“Many people don’t understand the plight of lower-income women,” Schorr says. “Some people think these women are using abortion as birth control, and that’s not true. I go to major donors and say these women are like anyone else. They have the same goals; they are often just down on their luck. I tell donors that if we don’t pay now, we have to look at the long-term costs of unwanted children.”
Most effective campaigns
Meredith finds that, like most groups, reproductive-rights organizations must maintain a robust and diversified fundraising program with income from major donors, planned giving, foundations and corporations, and direct response, including direct mail, telemarketing and online donations.
“The highest percentage of our donations come in response to direct mail, but our online-giving program has been growing very rapidly over the last several years,” she reports. “One indicator of the trust our online donors place in us is that nearly 70 percent of people who give online choose the ‘give where the need is greatest’ option.”
For its direct-mail programs, PPFA also tells compelling stories about the challenges that real women and teens face.
“We have a particular segment of donors who love to be called so they can talk with like-minded individuals and then make their gifts,” Meredith says. “In our major-gifts program, our job as fundraisers is to share the stories of the work that we do, tap into the donors’ interests and passion about our issues, and convert their gifts into transformational gifts.”
Schorr also has found that sharing real stories with WRRAP donors is an effective tool in fundraising efforts.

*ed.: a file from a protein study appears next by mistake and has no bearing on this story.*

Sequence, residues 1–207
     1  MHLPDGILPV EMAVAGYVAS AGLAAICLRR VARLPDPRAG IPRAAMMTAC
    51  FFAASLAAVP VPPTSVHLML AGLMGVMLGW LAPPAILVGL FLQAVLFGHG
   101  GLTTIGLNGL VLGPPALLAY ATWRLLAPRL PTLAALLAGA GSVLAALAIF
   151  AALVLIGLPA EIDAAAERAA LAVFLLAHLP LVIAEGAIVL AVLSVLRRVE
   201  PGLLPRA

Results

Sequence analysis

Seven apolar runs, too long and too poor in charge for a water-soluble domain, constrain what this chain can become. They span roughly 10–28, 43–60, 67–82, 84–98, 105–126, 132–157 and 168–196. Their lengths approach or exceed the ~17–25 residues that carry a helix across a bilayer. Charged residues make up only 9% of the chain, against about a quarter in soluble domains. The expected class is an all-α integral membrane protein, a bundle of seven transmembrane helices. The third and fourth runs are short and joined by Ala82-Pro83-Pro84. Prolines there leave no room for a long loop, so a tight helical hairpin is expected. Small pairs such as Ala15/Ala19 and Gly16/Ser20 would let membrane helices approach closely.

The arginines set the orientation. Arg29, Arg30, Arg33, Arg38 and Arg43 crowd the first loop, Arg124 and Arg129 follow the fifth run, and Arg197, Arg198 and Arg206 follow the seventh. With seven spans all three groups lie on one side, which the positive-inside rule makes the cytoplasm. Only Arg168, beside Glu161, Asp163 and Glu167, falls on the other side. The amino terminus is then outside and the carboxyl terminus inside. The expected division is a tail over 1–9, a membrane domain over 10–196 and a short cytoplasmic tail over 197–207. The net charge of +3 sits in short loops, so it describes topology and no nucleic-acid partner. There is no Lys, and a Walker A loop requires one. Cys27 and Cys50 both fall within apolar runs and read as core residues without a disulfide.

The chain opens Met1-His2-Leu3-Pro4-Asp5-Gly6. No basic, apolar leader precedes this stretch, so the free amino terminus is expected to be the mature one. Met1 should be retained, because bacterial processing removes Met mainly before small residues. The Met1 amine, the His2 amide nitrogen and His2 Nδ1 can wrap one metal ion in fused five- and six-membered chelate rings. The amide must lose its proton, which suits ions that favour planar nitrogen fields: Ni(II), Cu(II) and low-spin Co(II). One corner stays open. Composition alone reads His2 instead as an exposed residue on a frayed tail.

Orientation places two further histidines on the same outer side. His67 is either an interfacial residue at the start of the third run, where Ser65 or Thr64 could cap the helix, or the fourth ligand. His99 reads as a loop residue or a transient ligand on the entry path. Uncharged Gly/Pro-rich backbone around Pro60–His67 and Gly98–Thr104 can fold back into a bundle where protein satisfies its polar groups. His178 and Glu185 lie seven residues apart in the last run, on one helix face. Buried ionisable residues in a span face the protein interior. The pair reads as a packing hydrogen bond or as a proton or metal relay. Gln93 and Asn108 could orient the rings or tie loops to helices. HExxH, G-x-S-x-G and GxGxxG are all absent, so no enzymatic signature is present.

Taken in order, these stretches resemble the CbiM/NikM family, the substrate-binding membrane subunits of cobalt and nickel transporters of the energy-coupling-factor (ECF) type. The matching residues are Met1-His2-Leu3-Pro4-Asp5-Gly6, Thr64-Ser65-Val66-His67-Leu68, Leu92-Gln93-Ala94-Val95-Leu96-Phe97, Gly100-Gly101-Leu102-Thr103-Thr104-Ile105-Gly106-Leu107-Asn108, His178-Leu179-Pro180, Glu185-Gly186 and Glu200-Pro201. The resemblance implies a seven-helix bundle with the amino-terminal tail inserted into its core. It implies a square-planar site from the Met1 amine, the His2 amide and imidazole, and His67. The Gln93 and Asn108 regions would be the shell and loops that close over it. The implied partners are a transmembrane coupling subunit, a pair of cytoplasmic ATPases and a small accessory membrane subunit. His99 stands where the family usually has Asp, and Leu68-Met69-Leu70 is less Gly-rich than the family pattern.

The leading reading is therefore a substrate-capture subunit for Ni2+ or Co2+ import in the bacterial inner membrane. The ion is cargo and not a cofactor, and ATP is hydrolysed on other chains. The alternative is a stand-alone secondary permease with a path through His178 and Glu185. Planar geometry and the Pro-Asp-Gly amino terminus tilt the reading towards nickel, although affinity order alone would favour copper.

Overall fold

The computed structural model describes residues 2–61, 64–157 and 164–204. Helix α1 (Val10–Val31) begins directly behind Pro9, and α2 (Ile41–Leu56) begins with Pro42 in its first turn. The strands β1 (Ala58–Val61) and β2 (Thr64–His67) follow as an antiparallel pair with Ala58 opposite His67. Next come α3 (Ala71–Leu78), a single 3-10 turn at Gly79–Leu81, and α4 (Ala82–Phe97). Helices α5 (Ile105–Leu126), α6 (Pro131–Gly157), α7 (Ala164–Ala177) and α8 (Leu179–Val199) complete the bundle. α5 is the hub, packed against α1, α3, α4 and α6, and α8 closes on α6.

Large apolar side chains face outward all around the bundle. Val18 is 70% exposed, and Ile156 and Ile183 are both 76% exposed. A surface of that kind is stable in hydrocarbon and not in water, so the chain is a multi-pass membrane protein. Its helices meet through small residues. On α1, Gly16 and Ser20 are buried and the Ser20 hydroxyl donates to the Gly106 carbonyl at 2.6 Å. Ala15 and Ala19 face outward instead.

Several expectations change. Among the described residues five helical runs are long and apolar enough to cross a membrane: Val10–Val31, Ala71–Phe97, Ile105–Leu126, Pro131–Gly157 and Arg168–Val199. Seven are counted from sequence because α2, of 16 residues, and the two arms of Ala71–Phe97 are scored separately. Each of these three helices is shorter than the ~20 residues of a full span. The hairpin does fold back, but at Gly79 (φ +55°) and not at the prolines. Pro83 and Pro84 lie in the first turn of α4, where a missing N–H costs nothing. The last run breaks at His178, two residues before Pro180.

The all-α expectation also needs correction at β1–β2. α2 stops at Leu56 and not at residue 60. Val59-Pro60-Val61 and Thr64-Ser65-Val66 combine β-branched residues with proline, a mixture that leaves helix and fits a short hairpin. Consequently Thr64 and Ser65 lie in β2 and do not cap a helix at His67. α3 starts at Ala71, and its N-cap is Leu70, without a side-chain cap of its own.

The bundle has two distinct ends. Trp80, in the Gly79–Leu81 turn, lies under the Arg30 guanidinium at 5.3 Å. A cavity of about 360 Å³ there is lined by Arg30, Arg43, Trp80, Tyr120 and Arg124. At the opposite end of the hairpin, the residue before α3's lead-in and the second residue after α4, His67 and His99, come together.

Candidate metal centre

“I sent out an e-mail request to help an incest victim get out of the state to a facility for her procedure. We raised $6,000 in one day,” she says, adding that WRRAP’s most successful campaigns are ones that “hit donors in their emotional gut.”
Bilodeau says the National Women’s Law Center finds success in hosting small cocktail receptions around the country to thank major donors. WRRAP has great success with larger events such as its “Rock ’n’ Roe” benefit concert. Its supporters enjoy the chance to have a good time, support a cause they believe in, and learn more about their rights.
PPFA says its supporter base mirrors the larger demographic picture of the country and skews in favor of baby boomers. Bilodeau says her organization has many men and younger women who have become advocates for reproductive rights. WRRAP finds its supporters are not only women who support abortion rights, but also family foundations and even some religious groups.
“People can relate to the stories we tell,” Meredith says, “and that makes it easier to talk to our supporters. The values we promote are consistent with majority, mainstream values in the U.S.
“When we advocate for comprehensive, reality-based, medically accurate sex education for young people,” she says, “our donors understand and agree, because they want to protect their children from unintended pregnancies and sexually transmitted infections.”
Christine Weiser is a Philadelphia-based freelance writer and publisher of the nonprofit literary-arts publication “Philadelphia Stories.”